At the Quilt Show

This past weekend was a two-day event, A Quilter’s Showcase, sponsored by the Conejo Valley Quilters, and held in the gym at California Lutheran University.  I went Saturday afternoon, to get out of the house, and to find some way to ignore my cold.  Of course, the main goal was to see the quilts!

Quilts are both works of art, and practical ways to use up small bits of material to make useful objects, such as bedclothes or pillow coverings.  Over the years – probably from the 80s on – wall hangings and other forms of quilting have evolved.  Not being a quilter does not mean I do not admire the skill, patience, and creativity involved in their making.  I don’t know if I have the patience for them in particular – I need to be moving, not glued to a sewing table or indoors.  Anyway, enough about me – let’s look at some of the offerings!

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First, the set up was really nice.  Along the periphery of the gym were the vendors, mostly quilt stores, some local, some from further away.  Everyone was really nice.  Locally, we have Cotton & Chocolate Quilt Company.  I liked their display, which was colorful – I especially liked the quilts hanging up.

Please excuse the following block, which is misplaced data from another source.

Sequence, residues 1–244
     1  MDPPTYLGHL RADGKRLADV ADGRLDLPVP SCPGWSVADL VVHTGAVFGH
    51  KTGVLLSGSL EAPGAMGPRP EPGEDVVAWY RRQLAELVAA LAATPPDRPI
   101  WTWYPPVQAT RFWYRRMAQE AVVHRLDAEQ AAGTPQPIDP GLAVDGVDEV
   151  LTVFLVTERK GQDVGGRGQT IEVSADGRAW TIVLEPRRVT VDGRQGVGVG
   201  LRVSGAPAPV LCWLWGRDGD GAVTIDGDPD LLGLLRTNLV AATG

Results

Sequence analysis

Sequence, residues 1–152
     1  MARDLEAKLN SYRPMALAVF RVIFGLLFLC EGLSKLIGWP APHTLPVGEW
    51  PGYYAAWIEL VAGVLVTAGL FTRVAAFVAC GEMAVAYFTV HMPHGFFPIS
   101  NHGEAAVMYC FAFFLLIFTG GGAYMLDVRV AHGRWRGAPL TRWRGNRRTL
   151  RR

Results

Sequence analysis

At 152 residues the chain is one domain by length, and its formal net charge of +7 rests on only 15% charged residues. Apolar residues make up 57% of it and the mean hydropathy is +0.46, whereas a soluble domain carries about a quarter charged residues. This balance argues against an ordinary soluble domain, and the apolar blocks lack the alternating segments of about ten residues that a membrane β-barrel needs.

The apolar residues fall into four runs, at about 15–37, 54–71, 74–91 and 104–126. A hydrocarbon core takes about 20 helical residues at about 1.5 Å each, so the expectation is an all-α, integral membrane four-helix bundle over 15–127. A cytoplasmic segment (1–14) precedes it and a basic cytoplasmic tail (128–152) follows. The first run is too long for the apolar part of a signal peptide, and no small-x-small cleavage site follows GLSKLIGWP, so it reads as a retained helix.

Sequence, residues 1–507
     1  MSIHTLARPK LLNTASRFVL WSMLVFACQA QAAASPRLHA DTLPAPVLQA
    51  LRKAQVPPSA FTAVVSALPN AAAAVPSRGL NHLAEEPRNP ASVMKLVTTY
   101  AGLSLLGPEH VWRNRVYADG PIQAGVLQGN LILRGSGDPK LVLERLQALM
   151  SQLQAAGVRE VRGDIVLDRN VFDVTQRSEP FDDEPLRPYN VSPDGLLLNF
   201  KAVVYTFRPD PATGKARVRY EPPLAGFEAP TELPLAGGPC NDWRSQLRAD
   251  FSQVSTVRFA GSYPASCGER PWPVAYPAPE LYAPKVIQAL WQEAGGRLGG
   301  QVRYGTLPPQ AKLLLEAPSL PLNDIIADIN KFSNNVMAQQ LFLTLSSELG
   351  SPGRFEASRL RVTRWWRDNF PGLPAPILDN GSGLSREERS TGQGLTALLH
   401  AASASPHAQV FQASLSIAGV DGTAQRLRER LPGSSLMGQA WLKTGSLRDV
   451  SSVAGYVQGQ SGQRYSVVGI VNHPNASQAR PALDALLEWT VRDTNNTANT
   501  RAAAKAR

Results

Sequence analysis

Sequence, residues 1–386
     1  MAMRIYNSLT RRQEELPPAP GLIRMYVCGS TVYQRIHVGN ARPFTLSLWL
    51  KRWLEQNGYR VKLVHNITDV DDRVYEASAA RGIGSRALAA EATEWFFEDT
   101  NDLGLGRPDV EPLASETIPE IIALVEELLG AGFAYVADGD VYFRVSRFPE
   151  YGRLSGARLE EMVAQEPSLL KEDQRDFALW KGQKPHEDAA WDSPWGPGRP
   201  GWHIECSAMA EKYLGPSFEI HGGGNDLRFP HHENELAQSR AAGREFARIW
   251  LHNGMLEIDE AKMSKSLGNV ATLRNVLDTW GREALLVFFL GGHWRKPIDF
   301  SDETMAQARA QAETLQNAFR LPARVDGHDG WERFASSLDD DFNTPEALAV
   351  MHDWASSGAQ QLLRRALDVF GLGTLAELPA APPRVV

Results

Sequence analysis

Cotton & Chocolate

The inside portion of the gym was somewhat of a labyrinth. Individual quilts were hung up, like paintings on a wall. Clothespins attached to the side of the quilt allowed the viewer to peer at the reverse of the quilt by using it as a handle – a good idea to keep quilts clean, and to satisfy the curious. There were a variety of quilts, from pictorial to traditional, most new, but some from the 1800s and 1900s.

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The vendors were mostly quilt stores, but you do need machines and thread and needles besides material to quilt. Businesses selling sewing machines were there – I didn’t see my favorite store, Art & Jenny’s from Ventura there – but there were plenty of other local businesses with great machines and friendly, knowledgable staff.  My favorite featured hand crank sewing machines, and quite a few of them.

_DSC4604This store is called Sew Cranky, and as you can see in the above picture, they had oodles.  If I didn’t have a couple of hand crank sewing machines of my own, I would have gotten one.  If you have never used a hand crank machine, it is very peaceful – no long electrical cords, slow motion, and you can take it outdoors, even if it does weigh a ton.  The decals are wonderful, and the click-click sound of the shuttle is soothing.  Treadle sewing machines are just as nice, but a bit less portable.  And, they do have attachments which compensate for the straight-stitch only of many older machines.

Communities, such as the Conejo Valley Quilters, connect people to arts and crafts, to resources, and open one up to the variety and talent found within one’s own neighborhood.  Their value may seem neglible, but in reality, our own lives become enriched from such venues, much more than we can appreciate in the moment.

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